Moviemakers are now able to get accurate feedback regarding everything from the script to the choice of cast. This information, if acted on properly, will almost guarantee better audience reaction and therefore make them more commercially appealing.
Companies such as Largo Films are now offering this powerful new service to all segments of the industry. Data-driven movie making is set to change everything.
But what about the choice of actors and actresses?
Data-driven Moviemaking: Finding The Best Cast
For over 100 years now, movies have been cast by a process that is both inefficient and time-consuming.
Production companies are required to enlist the services of agencies or to go it alone by placing adverts calling for actors and actresses to apply.
The application procedure involved actors and actresses sending in resumes by the 1000s, which would then need to be analyzed by the casting director and their staff. Not only does this process take hours upon hours but it also means that production companies are forced to invest large sums of money into paying for this process.
Once the resumes have been sorted and the shortlist of potential actors and actresses finalized, the casting director must arrange for a casting session to be organized so that they can review potential candidates.
This process requires each of the actors and actresses to be contacted by either phone, email or letter, something which adds to the time and financial burdens of the production.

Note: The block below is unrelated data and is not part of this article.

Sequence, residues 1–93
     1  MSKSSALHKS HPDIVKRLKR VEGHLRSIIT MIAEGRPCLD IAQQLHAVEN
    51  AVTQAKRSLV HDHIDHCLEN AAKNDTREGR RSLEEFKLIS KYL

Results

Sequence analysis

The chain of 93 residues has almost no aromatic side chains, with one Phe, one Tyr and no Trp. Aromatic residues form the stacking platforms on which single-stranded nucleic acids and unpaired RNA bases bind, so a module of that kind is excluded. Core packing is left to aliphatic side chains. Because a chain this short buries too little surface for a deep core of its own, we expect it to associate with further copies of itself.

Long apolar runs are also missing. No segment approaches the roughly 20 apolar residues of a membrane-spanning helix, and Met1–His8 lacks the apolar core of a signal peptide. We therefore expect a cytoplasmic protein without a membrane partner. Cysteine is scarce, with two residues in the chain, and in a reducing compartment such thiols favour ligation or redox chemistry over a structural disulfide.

Once the actors arrived to the casting session, the casting director, the director and other members of the production are required to watch performances by each applicant. This can take hours, often days, and so is very draining on all involved.
Since humans are only humans, mistakes are made and sometimes candidates are overlooked when they might be suitable for the role or at least another role in the production.
It is important to note that the entire cast is finalized according to the opinions of just a few people.
Often, in the case of foreign productions trying to break the American market, for example, the production will cast actors and actresses from the United States to boost appeal.
This can ruin what would otherwise be a good movie. One example is the casting of the American actress Rosanna Arquette in the otherwise excellent Luc Besson movie The Big Blue.
Big data will entirely revolutionize this process by allowing fully automated cast selection based on an actor or actresses’ real suitability to the role and their appeal to the movies’ target audience.
This process will allow the automatic selection of the most suitable actor or actress from casts of thousands of potential candidates.
This will mean that for the first time ever, each part in a movie will get the most suitable actor or actress, including those minor ones such as cameos and bit parts.
The days of the casting director are soon to be truly over.
No longer will personal opinion hamper getting the best choice to cast of a movie, something will mean better movies and the best return on their investment.